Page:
Are Zinnias Still Safe for Baby Chicks?

Yes, zinnias are safe for chicks but with a few reservations. First, let your chicks grow up a little until they are at least 4 weeks of age before you let them try zinnias or any other leafy plant.

Leafy greens have a tendency to cause choking and crop impaction in baby chicks, and either can be fatal.

Additionally, zinnias just aren’t that nutritious, and chicks grow rapidly during the early phases of their life, and they need lots of all the nutrients that they do require.

And something else that shouldn’t be discounted is the fact that chicks will often get an upset stomach when eating any new, novel food and that includes something as natural and wholesome as zinnias.

Indigestion can lead to diarrhea, and diarrhea can lead to dehydration which, once again, may be fatal.

You aren’t depriving your chicks of anything by keeping them on feed until they reach adulthood when they can eat zinnias and other plants with greater safety.

How Frequently Can Zinnias be Fed to Chickens?

Zinnias are healthy and safe, that’s for sure, but they are only a supplemental or incidental food for your chickens.

You don’t want to make it a point to serve it to them all the time, and if they are allowed to free-range, there should be other foods in their environment that can provide them with greater and more varied nutrition.

If you’re harvesting zinnias to serve your chickens, giving them a small portion once a week is entirely enough. Any more than that, and they will be filling up on zinnias when they should be eating other foods that are better for them.

What’s the Best Way to Serve Zinnias to Your Flock?

You really don’t need to do much to serve zinnias to your flock. If you’re letting them free-range, simply let them have at the zinnias wherever they are growing and eat to their heart’s content.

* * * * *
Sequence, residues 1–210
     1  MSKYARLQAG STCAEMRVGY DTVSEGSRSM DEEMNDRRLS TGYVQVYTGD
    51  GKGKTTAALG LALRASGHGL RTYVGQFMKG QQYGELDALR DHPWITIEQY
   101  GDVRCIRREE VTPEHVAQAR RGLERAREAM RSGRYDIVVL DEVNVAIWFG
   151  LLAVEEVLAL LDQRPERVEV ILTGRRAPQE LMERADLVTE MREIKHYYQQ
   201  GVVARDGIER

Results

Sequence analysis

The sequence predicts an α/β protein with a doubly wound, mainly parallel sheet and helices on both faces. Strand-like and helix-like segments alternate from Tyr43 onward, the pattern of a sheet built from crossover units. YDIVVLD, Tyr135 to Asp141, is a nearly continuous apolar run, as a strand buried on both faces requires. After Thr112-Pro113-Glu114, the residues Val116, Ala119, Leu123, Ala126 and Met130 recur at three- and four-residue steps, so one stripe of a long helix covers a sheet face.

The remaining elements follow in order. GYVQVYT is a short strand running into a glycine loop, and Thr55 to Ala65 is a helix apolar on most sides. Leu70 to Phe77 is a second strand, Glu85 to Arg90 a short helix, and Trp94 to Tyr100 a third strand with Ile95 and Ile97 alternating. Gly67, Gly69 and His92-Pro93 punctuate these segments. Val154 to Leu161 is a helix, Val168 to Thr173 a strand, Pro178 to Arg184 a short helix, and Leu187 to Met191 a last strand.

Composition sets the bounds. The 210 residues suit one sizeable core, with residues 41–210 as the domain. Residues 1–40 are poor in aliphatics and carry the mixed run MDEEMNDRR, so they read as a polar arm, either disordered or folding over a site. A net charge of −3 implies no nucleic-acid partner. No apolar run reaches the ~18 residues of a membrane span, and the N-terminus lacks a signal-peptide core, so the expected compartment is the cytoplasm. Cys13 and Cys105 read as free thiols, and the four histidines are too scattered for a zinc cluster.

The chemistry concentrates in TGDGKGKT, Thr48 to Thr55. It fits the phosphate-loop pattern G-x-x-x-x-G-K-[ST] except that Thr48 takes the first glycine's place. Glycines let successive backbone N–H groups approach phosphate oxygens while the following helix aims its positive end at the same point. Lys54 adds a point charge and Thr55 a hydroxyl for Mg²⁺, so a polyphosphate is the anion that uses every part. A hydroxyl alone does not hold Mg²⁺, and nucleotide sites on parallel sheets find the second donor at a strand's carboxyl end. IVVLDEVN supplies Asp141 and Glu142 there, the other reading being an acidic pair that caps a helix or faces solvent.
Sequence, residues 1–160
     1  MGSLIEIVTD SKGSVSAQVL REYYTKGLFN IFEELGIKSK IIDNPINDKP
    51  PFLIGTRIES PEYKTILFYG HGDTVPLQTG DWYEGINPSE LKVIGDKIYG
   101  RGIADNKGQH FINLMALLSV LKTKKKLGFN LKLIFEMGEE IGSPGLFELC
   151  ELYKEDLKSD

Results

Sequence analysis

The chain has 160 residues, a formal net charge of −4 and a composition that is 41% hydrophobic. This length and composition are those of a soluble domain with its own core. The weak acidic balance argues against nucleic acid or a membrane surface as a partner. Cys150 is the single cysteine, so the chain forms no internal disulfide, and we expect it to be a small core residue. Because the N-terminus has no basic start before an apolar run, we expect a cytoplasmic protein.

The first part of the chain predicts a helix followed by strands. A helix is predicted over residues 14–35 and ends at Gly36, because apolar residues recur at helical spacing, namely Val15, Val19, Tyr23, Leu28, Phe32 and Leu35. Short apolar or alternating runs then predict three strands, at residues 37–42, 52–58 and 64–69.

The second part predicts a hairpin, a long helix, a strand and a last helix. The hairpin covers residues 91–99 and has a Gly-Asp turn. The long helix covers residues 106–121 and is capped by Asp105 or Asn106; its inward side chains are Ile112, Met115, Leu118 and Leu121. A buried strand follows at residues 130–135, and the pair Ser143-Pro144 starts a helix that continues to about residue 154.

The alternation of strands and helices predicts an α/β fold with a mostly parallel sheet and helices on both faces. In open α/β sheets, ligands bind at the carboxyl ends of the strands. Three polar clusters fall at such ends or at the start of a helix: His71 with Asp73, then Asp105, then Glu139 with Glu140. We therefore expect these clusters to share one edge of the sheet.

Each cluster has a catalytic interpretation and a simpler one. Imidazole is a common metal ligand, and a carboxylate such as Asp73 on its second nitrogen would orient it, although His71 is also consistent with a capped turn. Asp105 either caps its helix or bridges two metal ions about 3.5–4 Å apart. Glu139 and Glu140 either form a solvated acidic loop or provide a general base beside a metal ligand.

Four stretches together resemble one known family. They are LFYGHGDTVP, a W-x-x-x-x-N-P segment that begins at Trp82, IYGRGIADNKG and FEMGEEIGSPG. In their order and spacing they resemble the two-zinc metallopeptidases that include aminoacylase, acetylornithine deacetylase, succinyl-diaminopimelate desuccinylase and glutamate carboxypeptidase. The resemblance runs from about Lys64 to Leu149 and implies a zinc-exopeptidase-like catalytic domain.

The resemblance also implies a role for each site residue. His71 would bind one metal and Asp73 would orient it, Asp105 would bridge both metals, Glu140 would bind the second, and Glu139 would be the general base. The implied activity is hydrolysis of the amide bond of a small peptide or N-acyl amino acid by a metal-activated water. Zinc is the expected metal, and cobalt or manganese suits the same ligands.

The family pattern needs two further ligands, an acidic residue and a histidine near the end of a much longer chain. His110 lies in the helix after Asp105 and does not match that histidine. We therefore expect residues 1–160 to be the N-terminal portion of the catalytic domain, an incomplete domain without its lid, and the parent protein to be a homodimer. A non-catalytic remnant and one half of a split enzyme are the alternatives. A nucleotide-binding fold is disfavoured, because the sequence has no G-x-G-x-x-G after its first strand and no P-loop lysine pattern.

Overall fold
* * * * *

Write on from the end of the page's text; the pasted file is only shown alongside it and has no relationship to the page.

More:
If you are harvesting zinnias to serve them, you have two basic options. The first is to simply pull the flowers and then hand them over. Your chickens will peck at them and tear them apart easily, eating the bits that they want.

Ultimately, you can roughly chop up the flowers and then mix them in with other food or serve them to your chickens as a sort of salad.

Be Careful: Zinnias Might Have Been Sprayed with Pesticides or Other Chemicals

One more thing to be aware of with zinnias that is a factor for all wild plants or even plants that are grown by people.

Zinnias, like many other ornamental flowers, might have been treated with pesticides to keep them safe from insect predators that can degrade those beautiful and showy blooms.

There’s also a non-zero chance that zinnias might have been deliberately or accidentally exposed to other chemicals like fertilizers or even herbicides.

None of these chemicals are good for chickens, and over time, they have a way of building up in bodily tissues before causing some really horrendous health problems down the line.

To avoid this terrible outcome, make sure you know whether or not any zinnias you allow your chickens to eat have been treated with any chemicals, and if they have been, don’t let your birds eat them.

Also keep in mind that many such chemicals, particularly pesticides, persist in the tissues of the plant even after washing, and if your chickens eat them they could still be getting dosed with them.

If you grow zinnias yourself and you know exactly what you did, and more importantly did not, use on them that’s your best bet.